New addictions 'recovery community' announced for Red Deer

The province is committing up to $5 million to build a 75-bed facility in Red Deer as part of its recovery community program unveiled earlier this week

Model touted as effective alternative to supervised consumption sites

Jason Luan, associate minister of mental health and addictions, announced the new centre alongside Premier Jason Kenney and local politicians on Saturday. (Audrey Neveu/CBC)

The first of five new provincial addiction treatment centres was announced in Red Deer on Saturday.

The province is committing up to $5 million to build a 75-bed facility in the central Alberta city as part of its recovery community program unveiled earlier this week. The program will see $25 million put toward five centres and 400 beds — a 30 per cent capacity increase — across the province.

"You're the first out of the gate of our revolutionary transformation," Jason Luan, associate minister for mental health and addictions, told a crowd that included local MLAs and Red Deer Mayor Tara Veer. He said zone and policy considerations had already been cleared to get the centre up and running quickly.

Luan said the province has previously been too focused on one-pillared approaches that created fragmentation.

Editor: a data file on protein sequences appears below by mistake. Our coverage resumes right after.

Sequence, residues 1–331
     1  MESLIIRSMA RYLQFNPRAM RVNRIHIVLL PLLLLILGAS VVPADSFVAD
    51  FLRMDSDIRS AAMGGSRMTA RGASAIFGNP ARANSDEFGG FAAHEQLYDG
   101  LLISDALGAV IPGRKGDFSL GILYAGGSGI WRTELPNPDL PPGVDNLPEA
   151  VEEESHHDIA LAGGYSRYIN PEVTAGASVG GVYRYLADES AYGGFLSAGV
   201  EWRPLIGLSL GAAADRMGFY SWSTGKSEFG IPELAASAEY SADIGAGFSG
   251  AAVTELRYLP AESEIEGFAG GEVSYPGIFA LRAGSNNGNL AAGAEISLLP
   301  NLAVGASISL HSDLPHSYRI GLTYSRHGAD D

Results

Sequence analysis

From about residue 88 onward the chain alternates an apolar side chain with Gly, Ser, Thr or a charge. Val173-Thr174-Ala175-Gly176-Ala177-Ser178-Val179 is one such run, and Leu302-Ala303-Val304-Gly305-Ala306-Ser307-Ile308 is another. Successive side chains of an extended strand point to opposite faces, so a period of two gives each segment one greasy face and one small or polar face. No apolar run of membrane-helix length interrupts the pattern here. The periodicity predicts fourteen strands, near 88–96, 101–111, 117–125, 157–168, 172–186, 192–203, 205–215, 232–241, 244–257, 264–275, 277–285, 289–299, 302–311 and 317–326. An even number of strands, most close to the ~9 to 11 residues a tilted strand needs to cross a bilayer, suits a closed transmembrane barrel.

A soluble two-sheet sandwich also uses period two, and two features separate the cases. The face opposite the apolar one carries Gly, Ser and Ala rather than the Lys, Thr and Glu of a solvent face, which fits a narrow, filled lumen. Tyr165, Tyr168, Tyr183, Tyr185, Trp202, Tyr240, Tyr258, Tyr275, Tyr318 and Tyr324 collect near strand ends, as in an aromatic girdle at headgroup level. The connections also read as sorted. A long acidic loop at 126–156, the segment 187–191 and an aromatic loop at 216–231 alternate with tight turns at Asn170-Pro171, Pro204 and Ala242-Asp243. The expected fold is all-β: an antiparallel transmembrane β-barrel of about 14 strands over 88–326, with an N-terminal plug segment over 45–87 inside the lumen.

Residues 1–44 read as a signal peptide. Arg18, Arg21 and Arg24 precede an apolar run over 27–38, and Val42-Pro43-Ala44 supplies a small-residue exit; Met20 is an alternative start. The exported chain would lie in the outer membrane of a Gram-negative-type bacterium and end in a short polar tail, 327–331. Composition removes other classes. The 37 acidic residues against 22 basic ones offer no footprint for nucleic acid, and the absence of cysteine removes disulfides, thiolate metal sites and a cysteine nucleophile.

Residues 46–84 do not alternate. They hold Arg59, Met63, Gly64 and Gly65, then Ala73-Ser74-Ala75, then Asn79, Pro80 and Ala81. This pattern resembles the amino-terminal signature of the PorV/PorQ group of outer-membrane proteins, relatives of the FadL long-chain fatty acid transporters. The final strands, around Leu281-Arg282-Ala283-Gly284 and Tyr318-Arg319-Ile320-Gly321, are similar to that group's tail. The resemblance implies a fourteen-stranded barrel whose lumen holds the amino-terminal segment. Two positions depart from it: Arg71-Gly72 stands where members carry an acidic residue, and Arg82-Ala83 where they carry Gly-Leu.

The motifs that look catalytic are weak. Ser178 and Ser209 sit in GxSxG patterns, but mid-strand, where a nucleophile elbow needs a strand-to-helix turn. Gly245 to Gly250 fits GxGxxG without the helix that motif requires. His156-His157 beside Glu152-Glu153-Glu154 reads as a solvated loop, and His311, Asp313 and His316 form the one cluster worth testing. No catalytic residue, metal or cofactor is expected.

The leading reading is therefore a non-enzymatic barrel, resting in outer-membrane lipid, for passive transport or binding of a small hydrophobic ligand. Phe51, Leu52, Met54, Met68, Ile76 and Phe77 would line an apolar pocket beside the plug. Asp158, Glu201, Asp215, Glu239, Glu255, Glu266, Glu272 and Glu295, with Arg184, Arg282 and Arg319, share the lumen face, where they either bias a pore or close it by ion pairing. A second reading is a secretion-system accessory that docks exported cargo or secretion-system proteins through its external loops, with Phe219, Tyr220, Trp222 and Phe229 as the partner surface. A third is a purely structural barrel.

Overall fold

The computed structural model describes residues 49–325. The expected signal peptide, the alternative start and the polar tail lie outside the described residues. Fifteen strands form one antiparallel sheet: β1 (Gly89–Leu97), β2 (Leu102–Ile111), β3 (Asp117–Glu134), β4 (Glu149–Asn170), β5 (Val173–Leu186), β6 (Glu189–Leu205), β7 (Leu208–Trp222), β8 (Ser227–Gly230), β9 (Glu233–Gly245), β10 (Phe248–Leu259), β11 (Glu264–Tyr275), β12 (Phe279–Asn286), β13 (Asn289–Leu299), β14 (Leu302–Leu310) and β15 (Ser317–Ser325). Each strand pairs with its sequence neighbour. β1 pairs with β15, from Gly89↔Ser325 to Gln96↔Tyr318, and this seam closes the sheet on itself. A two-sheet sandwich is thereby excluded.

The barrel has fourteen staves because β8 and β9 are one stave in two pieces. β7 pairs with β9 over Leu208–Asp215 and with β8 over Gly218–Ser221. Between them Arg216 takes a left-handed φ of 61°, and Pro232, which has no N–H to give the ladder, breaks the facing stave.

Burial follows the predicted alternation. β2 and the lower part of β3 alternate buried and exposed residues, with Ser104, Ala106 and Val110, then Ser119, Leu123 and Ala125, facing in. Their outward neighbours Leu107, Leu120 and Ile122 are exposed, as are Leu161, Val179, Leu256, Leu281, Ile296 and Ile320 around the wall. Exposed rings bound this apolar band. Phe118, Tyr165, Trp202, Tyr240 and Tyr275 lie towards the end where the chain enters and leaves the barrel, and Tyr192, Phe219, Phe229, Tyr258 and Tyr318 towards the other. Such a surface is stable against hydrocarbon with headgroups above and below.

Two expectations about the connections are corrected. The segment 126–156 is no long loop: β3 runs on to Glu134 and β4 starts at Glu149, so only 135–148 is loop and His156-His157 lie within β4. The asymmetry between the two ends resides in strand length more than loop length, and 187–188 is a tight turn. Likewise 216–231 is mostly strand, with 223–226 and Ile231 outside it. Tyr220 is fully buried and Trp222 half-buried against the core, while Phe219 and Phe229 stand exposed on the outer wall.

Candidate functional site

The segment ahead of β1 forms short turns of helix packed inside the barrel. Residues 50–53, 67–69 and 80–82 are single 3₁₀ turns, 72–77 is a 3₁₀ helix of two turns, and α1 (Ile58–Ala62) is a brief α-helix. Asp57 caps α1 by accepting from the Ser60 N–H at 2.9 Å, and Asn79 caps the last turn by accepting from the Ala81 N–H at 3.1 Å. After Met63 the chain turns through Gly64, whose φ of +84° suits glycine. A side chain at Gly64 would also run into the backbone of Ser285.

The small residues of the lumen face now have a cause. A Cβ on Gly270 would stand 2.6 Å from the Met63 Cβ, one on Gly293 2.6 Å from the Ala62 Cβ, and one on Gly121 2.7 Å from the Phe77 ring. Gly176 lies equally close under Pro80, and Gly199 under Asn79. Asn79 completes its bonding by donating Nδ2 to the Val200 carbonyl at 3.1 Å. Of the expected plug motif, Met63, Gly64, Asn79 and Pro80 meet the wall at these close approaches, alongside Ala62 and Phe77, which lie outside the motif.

The evidence-based model is known as a recovery or therapeutic community that offers holistic, long-term, residential treatment for mental health and substance abuse disorders. Participants move at their own pace through the program, and are able to stay from three months to a year.

"The recovery community experience is about far more than abstinence from drug use, although that is obviously essential," Premier Jason Kenney said.

"It's about confronting the realities of life, learning how to cope with them and becoming a strong, fully functioning person."

The announcement was peppered with reference to a recent audit of the ARCHES supervised consumption site in Lethbridge, which found $1.6 million of public money unaccounted for. The province has pulled funding from the organization and referred the matter to police.

"That's also why our government is determined to provide a real life-giving alternative, an alternative through a continuum of care," Kenney said.

The premier also cited the findings made by a government-appointed panel on supervised consumption sites, which focused on the economic and social impacts of the sites but did not address their effect on harm reduction.

Critics have accused the government of ideological opposition to harm reduction for people with addiction.

But Kenney stressed Saturday that the recovery community model was an effective and compassionate alternative.

"I think there's not much compassion in facilitating the disruptive nature of drug addictions," he said. "There is great compassion in offering a holistic alternative, which is exactly what we're doing here today."

The five sites will be operated by non-profit, accredited agencies. The program is publicly funded. 

The government anticipates that the centres will start accepting patients in the spring of 2021. It says about 400 people will be employed during construction and each recovery community will employ 35 to 50 people.

Construction for the treatment centres is part of $10 billion in infrastructure spending within Alberta's Recovery Plan.

With files from Janet French and Hannah Kost


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